So what does React do? In short, it helps us efficiently create dynamic applications.
You are encouraged to explore reactjs.org for the juicy details.
It's super popular! React is one of the "Big Three" for front-end web development and is an often sought after skill for software engineers (i.e. you can put it on your resume). If you're curious what else is out there, here's an article. React is just one of many options for app development, and it's far from perfect.
On this wiki, we'll cover some basic and advanced topics, but it won't be comprehensive. To get a more comprehensive understanding of React and how it fits in to application development, I
highly recommend insist on watching this video. It's long, but very thorough and easy to digest (even at 1.5x speed). The first part is an introduction, and it gets into development at 46:42. Nearly the entire video is useful, but feel free to skip around.
React by itself can get messy when creating a complex application. But never fear, this wiki also introduces Redux, a popular state management library that is well designed to address this.
The easiest way to create a React app is using create-react-app.
npm install -g create-react-app
To create a project folder called 'my-app' in you current directory:
To host the app on localhost:3000:
cd my-app npm start
This will automatically open your web browser, where you will see the welcome page that comes with create-react-app.
npm start also uses "hot-reloading," so any changes made to the code will automatically cause the page to reload.
To compile the app into a standalone production build:
npm run build
Let's take a look at some files:
This is where npm stores the libraries used by your project.
This file lists all the npm libraries you use. When collaborating on a project, you will share this file, as opposed to 'node_modules'. From the project folder, the command
npm install will read package.json and install everything listed there to 'node_modules'. When you want to add a dependency to your project, use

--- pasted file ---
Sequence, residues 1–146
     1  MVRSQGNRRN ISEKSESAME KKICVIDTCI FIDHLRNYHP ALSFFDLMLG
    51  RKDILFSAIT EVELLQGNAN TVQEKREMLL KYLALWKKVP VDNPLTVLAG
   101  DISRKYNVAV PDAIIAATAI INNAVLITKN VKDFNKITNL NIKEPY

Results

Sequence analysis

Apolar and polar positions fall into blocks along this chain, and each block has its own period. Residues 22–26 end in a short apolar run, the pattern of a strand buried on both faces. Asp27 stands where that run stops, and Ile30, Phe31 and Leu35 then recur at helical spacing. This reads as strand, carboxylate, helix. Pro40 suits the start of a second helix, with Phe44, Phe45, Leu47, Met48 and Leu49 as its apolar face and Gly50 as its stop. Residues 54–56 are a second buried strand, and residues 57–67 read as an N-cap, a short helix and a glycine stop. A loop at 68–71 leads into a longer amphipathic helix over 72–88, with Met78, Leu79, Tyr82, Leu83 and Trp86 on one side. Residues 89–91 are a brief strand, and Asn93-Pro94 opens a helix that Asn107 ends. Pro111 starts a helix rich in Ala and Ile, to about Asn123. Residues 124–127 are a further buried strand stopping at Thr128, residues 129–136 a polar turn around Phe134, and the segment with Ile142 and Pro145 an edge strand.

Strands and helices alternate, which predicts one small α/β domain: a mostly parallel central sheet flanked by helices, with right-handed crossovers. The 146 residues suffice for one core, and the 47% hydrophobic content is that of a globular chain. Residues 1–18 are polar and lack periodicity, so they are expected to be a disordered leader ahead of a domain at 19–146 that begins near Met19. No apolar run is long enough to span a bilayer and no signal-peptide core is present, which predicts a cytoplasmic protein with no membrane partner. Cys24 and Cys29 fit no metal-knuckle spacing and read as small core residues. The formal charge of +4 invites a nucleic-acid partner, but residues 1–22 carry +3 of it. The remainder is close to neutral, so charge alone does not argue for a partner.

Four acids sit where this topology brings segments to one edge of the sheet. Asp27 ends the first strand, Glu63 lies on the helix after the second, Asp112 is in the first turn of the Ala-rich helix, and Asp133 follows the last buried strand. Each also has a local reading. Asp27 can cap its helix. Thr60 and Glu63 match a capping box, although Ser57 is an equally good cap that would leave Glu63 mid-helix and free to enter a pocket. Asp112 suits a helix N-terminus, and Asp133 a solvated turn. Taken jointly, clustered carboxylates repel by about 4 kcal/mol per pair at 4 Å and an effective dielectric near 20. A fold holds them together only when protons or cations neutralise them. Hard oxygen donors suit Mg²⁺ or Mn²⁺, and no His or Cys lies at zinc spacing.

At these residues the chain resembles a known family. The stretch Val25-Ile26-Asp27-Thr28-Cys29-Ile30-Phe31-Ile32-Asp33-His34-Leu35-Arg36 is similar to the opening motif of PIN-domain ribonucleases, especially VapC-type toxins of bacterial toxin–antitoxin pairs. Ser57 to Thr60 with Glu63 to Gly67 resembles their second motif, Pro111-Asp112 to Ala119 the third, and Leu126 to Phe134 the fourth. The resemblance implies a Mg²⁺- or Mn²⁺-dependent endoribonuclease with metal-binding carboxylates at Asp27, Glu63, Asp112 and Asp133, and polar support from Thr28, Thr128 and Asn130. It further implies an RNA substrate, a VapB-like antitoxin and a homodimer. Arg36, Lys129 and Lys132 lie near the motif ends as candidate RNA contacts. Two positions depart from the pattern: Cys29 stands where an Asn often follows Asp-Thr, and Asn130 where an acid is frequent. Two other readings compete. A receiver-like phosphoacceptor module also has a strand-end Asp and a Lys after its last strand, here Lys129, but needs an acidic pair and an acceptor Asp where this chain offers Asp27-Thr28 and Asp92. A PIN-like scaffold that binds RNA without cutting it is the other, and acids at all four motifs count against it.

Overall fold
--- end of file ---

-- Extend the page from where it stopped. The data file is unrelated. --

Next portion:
npm install some-package --save. The '--save' tells npm to add the package to package.json, so others will have it next time they
You may also notice the "scripts" section, which defines shortcuts for commands. To use them, type
npm run name-of-script. For "start" script only, you can omit the word 'run' (hence
This is the entry point of your app. You'll see it renders <App/>, which brings us to...
Finally, look how App.js imports App.css...
This file is just plain old CSS, but there's a catch. You might think that a CSS file applies to the component it is imported in, BUT actually any CSS file that is imported anywhere applies to the entire app. This is a minor drawback of React, and it just means you have to be somewhat careful about avoiding name clashes of HTML classes, ids, etc.
First look at 'index.html,' which contains some comments to explain what it is for. The important thing is that it is not the actual index.html. You won't use it for much, except for adding scripts from the internet, such as the Google Maps API.
Anything else you put in the public folder is directly accessible via URL. For example, localhost:3000/favicon.ico. When you build for production using
npm run build, the contents of 'public' are put directly in the build folder.
To make your React code look pretty, Google how to get React/JSX syntax highlighting in your favorite text editor. Sublime Text users can install babel-sublime.